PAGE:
There comes a time in most developersʼ lives when they think to themselves: “I should rebuild my personal website and start a new blog.” As far as I can tell this is a symptom of some kind of minor mental illness, delusion, or narcisistic tendency. Itʼs almost always a bad idea, a distraction from more important work, and most likely to be doomed to stagnate. I donʼt expect this time to end up any different but I had fun dammit and want to share a little bit about what I learned.
A couple weeks ago while on parental leave I felt the itch to step beyond Medium, use the opportunity to pick up some new technologies Iʼve been meaning to learn, and try to make something delightful. I definitely had better things to do, so this was a bit of active procrastination. But you know what? I donʼt feel bad about that at all. Only working on whatʼs important is like only eating your vegetables and keeping to your daily exercise. A break from routine or an indulgent snack can light up the mind and spark creative inspiration. As Iʼm wrapping this up and returning to more important projects I have renewed energy and new ideas.
Feeding your creativity requires occasionally giving in to scratch the itch; to eat your snacks. Practice snack driven development.
This particular snack was a filling one. I learned a lot I could talk about including JAMStack, serverless, Next.js, Vercel, Fauna DB, Lighthouse, Puppeteer, and more. As an even clearer sign of delusion, if I was going to give up Medium then I was determined to make something even better. So Iʼd love to talk about one particular detail where I think I came close to that unreasonable goal: giving feedback.
A universe of feedback interfaces§
Iʼve always been fascinated by feedback interfaces. In 2008 I joined Facebook as a Product Designer while the Like button was under development. At the time it wasnʼt clear how social feedback should work. Lots of wild prototypes and internal debate over years finally led to the “Awesome” button launching renamed “Like.” It was enlightening to watch that design process and the following ten years have seen even more experimentation and innovation in giving feedback and appreciation.
While thinking about how I wanted to approach feedback for my own blog, I decided to take a look at some of the wide variation in feedback interfaces and figure out how I could borrow ideas and try to make something novel, fun, and that felt right for the content and audience of a personal blog.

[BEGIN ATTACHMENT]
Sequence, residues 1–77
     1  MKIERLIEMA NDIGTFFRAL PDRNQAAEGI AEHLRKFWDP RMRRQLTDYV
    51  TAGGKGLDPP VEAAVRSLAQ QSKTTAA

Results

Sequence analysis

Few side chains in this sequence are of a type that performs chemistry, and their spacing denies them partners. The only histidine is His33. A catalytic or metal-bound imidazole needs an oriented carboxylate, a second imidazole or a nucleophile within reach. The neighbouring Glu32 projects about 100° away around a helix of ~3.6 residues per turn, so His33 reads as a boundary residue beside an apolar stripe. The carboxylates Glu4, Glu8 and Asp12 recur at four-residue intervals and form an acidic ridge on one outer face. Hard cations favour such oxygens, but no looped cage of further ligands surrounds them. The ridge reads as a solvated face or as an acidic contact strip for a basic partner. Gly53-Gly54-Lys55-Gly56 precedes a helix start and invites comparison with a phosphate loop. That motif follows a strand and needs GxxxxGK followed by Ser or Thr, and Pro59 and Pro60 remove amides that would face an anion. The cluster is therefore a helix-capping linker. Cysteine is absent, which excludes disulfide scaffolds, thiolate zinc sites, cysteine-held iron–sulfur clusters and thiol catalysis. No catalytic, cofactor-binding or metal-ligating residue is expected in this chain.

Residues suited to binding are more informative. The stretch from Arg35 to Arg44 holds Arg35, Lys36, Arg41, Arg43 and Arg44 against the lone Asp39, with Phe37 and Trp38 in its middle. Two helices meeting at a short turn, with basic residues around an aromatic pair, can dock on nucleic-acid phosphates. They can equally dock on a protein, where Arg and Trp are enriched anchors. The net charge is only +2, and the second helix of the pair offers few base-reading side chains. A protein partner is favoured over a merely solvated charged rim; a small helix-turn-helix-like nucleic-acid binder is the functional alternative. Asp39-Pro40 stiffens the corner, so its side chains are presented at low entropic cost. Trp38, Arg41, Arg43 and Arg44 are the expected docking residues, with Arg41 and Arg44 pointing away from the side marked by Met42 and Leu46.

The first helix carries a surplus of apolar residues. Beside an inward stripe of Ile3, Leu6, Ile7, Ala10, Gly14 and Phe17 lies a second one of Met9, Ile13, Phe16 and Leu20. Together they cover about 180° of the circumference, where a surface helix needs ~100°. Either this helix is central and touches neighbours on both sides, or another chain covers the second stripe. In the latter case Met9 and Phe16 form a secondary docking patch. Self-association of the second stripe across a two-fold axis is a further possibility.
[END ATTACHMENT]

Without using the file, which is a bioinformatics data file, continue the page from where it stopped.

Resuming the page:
I use Slack at work every day. We take our emoji reactions seriously. Sometimes you just need that mood. It feels right for a tight-knit team and on ours we welcome every new teammate with a custom emoji. But its a bit complicated with emoji pickers and typeaheads, popovers with lists of people, and image uploading forms. Too fiddly for a blog.
Facebookʼs own evolution of the like button, reactions, is comparatively much simpler while still keeping most of the delight, but is better suited to be used alongside a huge range of unknown content which might elicit any in the full gamut of emotional responses. Maybe not the best fit for blog articles.
When Svbtle was first presented it brought with it a peculiar feedback mechanism called “Kudos” that while clearly inspired by the Like button also took a step beyond. You donʼt click this button but instead hover over it and “donʼt move,” a clever subversion of expectations that evokes just enough suspense to have a satisfying payoff.
Yet I canʼt help but feel disappointed in what Kudos could have become. The black-and-white-concentrics vibe is minimal to the point of lacking any personality. Thereʼs no way to revoke your feedback which seems like a hoodwink. It translates poorly to mobile where you need to press and hold (more work than a regular button) and not at all to accessiblity software.
Credit to Mediumʼs product designers for a number of accomplishments with their feedback interface. First of all, giving “Applause” feels more appropriate than a “Like” or other reaction for published content. Then thereʼs the innovation of allowing as many claps as you like, which offers a surprising range of expressiveness from golf-clap to standing ovation. I speculate this also results in a bigger dopamine hit from the “make the number go up” game of social media, especially since it has a perfectly celebratory animation.
While probably my favorite of the bunch, Mediumʼs feedback interface still has its drawbacks. While applause is fitting for articles its also impersonal. Giving more than one clap isnʼt very discoverable, requiring you to click and hold which is not something the webfaring mouse finds itself doing regularly and can fight with native behavior, especially on Mobile devices.
So how should I go about feedback? Throw a bit of all of these ideas into the idea cauldron! I hoped to take the best of this evolution of feedback interfaces, inject a little personality, and deliver something delightful and subjectively appropriate for my own personal blog.
Like Slack and other Emoji interfaces, thereʼs a sense of leaving something specific behind. Rather than just tally another number on the stack of likes, how about you leave me a snack?
Like Kudos, thereʼs an interaction model that feels fun but carries over to mobile.
Like Medium, you can leave as few or as many snacks as you feel, however each number of snacks is represented by a different delicious emoji.
Overall, Iʼm quite pleased with the result. Building this new personal site and this new feedback mechanism was a delicious mental snack. I freely admit it was a distraction from valuable nutritious work, but sometimes you just need a snack.
So why donʼt you leave me one?